It captures a smaller portion of the Sun’s heat than Mercury, but Venus keeps what it receives. And that’s part of why Venus is the hottest planet in our Solar System.

Let’s examine what Mercury and Venus are doing with the radiation they absorb.

Mercury’s Lack of Atmosphere

Mercury is closer to the Sun and receives and absorbs more sunlight than Venus. But it has a lower planetary temperature. And that’s because Mercury has a thin exosphere instead of an atmosphere.

Why is Mercury’s Exosphere So Thin?

Mercury’s exosphere mainly contains helium and hydrogen. But there are also traces of potassium, sodium, and oxygen. All these components get replenished by meteoroid strikes and solar winds blowing off the nearby Sun. 

Solar weather constantly bombards Mercury. In addition, the planet cannot retain a significant atmosphere due to its low gravity and small size. So any gases released from Mercury’s surface tend to escape directly into space.

Mercury’s lack of atmosphere and slow rotation also gives the planet a highly variable temperature profile. So dayside temperatures grow extremely hot (>8000℉) , while nightside temperatures can reach extreme cold (-290℉ (-179℃.)) 

Additionally, Mercury has a low surface pressure that is technically considered a vacuum. So overall, the absence of a significant atmosphere with no greenhouse gases means the planet doesn’t experience weather or atmospheric phenomena like clouds or winds. In other words, Mercury lacks a way to trap heat and warm its surface.

The Runaway Greenhouse Effect on Venus’ Atmosphere

Spacecraft probe measurements of Venus’ atmosphere show evidence of water’s molecular remnants. So at one point, the planet could control its temperatures. But the water evaporated when the planet got hotter, forming clouds that reflected the Sun’s radiation back into space.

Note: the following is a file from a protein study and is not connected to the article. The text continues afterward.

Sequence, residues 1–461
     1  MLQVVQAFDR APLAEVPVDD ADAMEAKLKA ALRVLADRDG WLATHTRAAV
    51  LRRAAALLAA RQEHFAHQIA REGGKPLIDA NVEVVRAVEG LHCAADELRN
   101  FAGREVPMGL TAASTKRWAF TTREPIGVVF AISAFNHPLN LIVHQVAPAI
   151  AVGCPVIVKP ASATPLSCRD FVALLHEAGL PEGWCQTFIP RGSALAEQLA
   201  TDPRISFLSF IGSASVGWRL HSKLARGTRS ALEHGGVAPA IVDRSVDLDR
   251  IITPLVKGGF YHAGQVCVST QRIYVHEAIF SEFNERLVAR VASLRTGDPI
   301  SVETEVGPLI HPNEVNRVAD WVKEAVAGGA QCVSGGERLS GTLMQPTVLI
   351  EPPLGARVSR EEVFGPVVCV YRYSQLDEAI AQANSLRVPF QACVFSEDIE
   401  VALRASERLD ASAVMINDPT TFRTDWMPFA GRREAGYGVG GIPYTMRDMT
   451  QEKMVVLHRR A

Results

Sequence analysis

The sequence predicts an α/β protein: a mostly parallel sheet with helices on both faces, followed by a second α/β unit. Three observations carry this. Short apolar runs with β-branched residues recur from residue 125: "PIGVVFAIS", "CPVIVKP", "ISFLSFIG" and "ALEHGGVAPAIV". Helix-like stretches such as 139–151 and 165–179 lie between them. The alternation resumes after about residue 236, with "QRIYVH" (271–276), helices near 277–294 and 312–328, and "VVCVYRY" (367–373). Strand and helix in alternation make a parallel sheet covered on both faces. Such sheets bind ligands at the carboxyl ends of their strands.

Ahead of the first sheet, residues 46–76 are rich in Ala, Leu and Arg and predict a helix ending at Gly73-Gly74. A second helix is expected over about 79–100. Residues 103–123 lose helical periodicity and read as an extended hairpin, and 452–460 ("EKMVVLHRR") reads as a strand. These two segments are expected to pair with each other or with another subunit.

On Earth, our plate tectonics help regulate and modulate the carbon. But Venus doesn’t have them.

Explanation of Greenhouse Effect

The Sun continues getting brighter as it ages, increasing its radiation intensity. And so, Venus could no longer cope with the increasing heat. As more water evaporated, more clouds formed, and more of the Sun’s radiation got trapped.

Eventually, the remaining water on Venus turned to vapor, making it possible for the Sun’s heat to break it up. Without water and its climate-balancing cycles, the atmosphere gathered carbon to suffocating extremes. And the planet could no longer rid itself of the Sun’s heat energy.

Venus Cloud Cover
Venus Cloud Coverage Image: NASA

Summary: Why is Venus Hotter Than Mercury?

Venus is hotter than Mercury because its atmosphere is full of greenhouse gases. Carbon dioxide build-up and thick, smelly sulfuric acid clouds trap heat. And even though the cloud coverage reflects the Sun’s brightness, the radiation Venus does absorb sticks around.

So you end up with a hellish furnace-like surface that looks similar to the red-hot glare of an artist’s blob of glass, heated for blowing. 

On the other hand, Mercury has a super thin atmosphere that is actually an exosphere. And it is constantly subjected to the Sun’s intense solar winds. So even though Mercury forms no natural weather systems on its own, the Sun’s weather dramatically impacts it.

In addition, Mercury’s low albedo allows the planet to absorb much of the Sun’s heat energy. But that thin exosphere lets the energy dissipate back into space. Since Mercury basically has no insulation, heat rises and drifts away.

Since Venus is so well-insulated, it absorbs and retains more of the Sun’s energy. And that makes Venus hotter than Mercury and every other planet in our solar system.